8th Grade Mock Trial
On February 9, 2012, the Villa Academy 8th Grade U.S. History students traveled to the Federal Courthouse in downtown Seattle to try former president Andrew Jackson for his alleged crimes against humanity, which occurred in the 1830’s as Americans moved west. The specific charges stated that “President Andrew Jackson, with premeditated intent, did conduct or authorize a widespread or systemic attack against a civilian population (herein, the Cherokee Nation), where the following methods were employed: murder, extermination, deportation or forcible transfer of population, and other similar inhuman acts that caused great suffering and serious injury.”
Video Highlights from the Trial
Students spent almost six weeks preparing for this trial. Prep included learning the historical context of Native American removal, specifically, the idea of Manifest Destiny and westward expansion. Then, students digested almost thirty pages of primary source material, which ranged from speeches to letters, and from first-hand accounts to Supreme Court decisions. Students selected witnesses, and were given roles; they had to write an essay about how their role fit into the context of the trial, and what evidence from the source material packet would assist them. Once the students were familiar with the historical context, the source material, and their roles, they had to get ready for the trial. This involved drafting opening and closing statements and examination questions, learning about courtroom protocol, questioning techniques, and objection rules, and practicing their testimonies.
Judge John C. Coughenour presided over the opening and closing statements. Unfortunately, he was still presiding over another trial and could not stay for the whole morning. Chris P. Reilly, colleague of Mr. Guadagno, presided over the rest of the trial.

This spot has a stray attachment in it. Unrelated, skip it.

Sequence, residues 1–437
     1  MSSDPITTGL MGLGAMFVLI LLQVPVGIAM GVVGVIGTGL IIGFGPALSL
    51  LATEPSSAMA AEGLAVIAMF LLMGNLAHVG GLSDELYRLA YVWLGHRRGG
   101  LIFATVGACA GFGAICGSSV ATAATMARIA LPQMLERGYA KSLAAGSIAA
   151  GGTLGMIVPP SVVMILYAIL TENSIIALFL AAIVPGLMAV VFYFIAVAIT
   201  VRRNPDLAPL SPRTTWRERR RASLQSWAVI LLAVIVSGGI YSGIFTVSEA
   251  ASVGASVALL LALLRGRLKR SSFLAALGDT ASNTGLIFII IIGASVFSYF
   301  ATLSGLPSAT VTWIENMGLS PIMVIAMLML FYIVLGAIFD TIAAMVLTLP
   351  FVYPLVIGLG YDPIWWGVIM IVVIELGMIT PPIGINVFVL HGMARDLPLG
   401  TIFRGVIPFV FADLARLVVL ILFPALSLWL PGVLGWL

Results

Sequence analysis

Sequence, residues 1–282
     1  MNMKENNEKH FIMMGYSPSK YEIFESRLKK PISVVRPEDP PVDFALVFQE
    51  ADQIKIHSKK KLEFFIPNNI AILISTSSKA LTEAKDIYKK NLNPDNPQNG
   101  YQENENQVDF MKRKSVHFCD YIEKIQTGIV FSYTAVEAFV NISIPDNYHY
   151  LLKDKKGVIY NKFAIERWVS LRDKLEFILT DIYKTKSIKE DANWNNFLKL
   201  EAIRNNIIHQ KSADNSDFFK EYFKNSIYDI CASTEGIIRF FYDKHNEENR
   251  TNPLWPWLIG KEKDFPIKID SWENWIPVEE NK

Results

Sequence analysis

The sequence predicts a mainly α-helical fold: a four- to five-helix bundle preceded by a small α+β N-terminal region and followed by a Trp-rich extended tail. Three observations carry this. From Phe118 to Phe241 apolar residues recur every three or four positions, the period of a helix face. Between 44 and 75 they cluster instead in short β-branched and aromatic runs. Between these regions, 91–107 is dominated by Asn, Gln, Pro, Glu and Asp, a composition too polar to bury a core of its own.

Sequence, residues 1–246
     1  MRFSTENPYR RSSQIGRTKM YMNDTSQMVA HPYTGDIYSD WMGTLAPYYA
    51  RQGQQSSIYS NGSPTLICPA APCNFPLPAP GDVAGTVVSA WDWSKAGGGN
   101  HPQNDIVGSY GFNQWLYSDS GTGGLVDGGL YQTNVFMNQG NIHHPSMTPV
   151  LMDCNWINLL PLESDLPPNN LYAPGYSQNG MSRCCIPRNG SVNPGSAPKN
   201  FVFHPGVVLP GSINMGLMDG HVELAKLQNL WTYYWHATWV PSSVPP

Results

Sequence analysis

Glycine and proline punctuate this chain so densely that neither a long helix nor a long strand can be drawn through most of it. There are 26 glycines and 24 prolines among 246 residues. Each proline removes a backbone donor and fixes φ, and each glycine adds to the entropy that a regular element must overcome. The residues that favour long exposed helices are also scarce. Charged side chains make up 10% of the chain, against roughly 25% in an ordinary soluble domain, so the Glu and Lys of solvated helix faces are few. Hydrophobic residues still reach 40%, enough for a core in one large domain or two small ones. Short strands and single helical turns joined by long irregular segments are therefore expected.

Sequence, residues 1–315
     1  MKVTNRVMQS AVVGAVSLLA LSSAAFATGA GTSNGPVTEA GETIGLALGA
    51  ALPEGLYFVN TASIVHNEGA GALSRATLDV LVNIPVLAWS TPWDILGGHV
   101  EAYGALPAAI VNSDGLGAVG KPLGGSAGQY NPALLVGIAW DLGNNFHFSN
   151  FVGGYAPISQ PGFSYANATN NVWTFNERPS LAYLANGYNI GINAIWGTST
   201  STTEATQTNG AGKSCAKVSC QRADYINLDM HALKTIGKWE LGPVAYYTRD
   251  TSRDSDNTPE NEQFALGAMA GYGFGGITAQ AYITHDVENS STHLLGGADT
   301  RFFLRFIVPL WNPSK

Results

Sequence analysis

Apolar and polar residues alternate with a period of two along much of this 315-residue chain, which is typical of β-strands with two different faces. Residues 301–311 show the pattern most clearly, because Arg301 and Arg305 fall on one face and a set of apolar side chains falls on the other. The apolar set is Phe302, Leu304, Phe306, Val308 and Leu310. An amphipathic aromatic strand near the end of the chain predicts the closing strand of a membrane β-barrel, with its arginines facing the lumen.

The trial lasted for almost two hours, though a few jurors were in tears within minutes of the Prosecution’s opening statement. Students battled back and forth between direct and cross examinations, showcasing both their exhaustive preparation and their abilities to think on their feet. 8B, the prosecution, focused on Jackson’s threat of “utter annihilation” during their opening and closing statements, while 8A rested their defense on the choices given to the Cherokees, and the consequences of those choices. Ultimately, the jury returned a GUILTY verdict after debating the charges and testimony for almost an hour.
The students impressed everyone: the judge(s), court clerks, visiting parents, jurors, Mr. Guadagno, and Ms. Brooks. In fact, the court staff said that the kids were incredibly professional, poised, and confident.
One parent-spectator said, “What a huge success today! It was so much fun to see the mock trial. All the kids were amazing. The enthusiasm and hard work by all was more than apparent. An event to be remembered forever!”
Judge Coughenour invited the students to ask questions about his career, including his appointment by President Reagan and his most well-known cases. The students were able to tour Judge Coughenour’s office, library, and jury room as well.
We are so grateful to Michael Guadagno for all of the ways he supported the 8th Graders during this experience. He put forth an incredible amount of effort and time, and his guidance was invaluable. Stay tuned for a sentencing update!